He also told this parable to some who trusted in themselves that they were righteous, and treated others with contempt: “Two men went up into the temple to pray, one a Pharisee and the other a tax collector. The Pharisee, standing by himself, prayed thus: ‘God, I thank you that I am not like other men, extortioners, unjust, adulterers, or even like this tax collector. I fast twice a week; I give tithes of all that I get.’ But the tax collector, standing far off, would not even lift up his eyes to heaven, but beat his breast, saying, ‘God, be merciful to me, a sinner!’ I tell you, this man went down to his house justified, rather than the other. For everyone who exalts himself will be humbled, but the one who humbles himself will be exalted (Luke 18:9–14).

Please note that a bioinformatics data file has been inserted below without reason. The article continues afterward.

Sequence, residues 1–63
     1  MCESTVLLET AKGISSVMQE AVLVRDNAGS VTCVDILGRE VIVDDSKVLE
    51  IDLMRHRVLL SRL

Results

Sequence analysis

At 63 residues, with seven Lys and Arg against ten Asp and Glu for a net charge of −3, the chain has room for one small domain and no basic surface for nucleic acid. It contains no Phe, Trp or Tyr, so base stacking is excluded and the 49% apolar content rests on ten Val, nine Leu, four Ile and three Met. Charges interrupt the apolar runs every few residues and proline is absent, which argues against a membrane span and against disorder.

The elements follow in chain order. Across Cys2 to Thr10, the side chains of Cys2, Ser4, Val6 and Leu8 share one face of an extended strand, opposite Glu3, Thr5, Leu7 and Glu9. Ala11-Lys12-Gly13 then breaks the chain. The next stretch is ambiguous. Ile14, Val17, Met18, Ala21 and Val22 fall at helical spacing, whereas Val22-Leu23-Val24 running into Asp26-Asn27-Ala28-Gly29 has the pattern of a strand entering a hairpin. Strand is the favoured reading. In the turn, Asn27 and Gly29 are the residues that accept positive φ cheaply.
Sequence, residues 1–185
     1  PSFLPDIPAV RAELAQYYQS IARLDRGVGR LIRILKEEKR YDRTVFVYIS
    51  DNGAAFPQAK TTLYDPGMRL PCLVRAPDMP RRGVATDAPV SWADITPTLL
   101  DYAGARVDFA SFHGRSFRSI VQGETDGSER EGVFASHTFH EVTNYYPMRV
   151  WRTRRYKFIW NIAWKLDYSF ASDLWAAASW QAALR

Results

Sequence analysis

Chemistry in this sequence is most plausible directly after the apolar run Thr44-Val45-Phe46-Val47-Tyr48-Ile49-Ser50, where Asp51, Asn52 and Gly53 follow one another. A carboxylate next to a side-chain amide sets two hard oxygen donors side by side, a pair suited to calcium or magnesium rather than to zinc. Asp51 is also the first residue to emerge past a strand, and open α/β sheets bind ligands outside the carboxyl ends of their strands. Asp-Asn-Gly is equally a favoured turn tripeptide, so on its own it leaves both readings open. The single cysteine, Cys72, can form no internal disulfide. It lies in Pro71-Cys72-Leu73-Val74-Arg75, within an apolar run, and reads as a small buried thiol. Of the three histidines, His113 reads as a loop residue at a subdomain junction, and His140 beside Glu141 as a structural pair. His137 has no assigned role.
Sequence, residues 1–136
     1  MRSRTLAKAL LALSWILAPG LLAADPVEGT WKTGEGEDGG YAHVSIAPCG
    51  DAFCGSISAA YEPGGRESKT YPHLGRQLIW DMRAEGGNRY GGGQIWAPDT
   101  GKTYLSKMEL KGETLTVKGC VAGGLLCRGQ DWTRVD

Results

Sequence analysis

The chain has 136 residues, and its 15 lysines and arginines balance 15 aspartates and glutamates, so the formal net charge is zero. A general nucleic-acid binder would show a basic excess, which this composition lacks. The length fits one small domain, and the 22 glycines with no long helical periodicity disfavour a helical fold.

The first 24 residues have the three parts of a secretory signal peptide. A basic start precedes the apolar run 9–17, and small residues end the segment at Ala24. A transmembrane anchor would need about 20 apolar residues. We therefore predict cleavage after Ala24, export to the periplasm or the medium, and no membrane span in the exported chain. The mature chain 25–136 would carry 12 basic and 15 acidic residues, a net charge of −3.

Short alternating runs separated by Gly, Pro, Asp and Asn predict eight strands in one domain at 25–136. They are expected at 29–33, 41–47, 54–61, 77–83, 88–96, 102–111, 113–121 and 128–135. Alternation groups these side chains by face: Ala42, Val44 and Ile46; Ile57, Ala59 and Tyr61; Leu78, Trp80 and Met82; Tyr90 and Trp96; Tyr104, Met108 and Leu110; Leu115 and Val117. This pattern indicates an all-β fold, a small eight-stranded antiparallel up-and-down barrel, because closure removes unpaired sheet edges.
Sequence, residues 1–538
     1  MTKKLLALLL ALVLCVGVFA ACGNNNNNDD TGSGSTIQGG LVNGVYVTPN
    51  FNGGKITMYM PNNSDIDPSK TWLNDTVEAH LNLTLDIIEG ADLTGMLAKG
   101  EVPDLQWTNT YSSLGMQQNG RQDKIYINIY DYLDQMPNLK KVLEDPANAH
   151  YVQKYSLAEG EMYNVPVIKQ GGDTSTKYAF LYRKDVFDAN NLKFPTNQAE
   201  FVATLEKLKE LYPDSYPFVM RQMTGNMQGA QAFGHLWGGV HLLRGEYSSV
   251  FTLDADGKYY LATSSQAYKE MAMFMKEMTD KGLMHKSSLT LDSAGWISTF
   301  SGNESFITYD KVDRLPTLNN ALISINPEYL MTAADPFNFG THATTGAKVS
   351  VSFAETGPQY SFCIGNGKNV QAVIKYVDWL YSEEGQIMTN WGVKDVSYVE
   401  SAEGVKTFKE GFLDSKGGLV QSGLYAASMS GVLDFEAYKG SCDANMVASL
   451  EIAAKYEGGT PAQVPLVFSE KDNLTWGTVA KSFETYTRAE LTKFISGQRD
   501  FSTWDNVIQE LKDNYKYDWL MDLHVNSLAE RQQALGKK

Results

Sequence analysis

The “Good Guy”

If you’re like me, chances are you’ve heard a few sermons on this parable before. But I’ve got to be honest with you: I take issue with the way this is preached a lot of the time, specifically with the way the Pharisee is presented. Oftentimes (to make the point really stand out) preachers will portray the Pharisee as extreme and terribly irritating in his proclamations. He is loud and verbose and quite cocky in his tone of voice. He is haughty in his appearance and is made to look as villainous as possible. But in real life, villains don’t show themselves so obviously.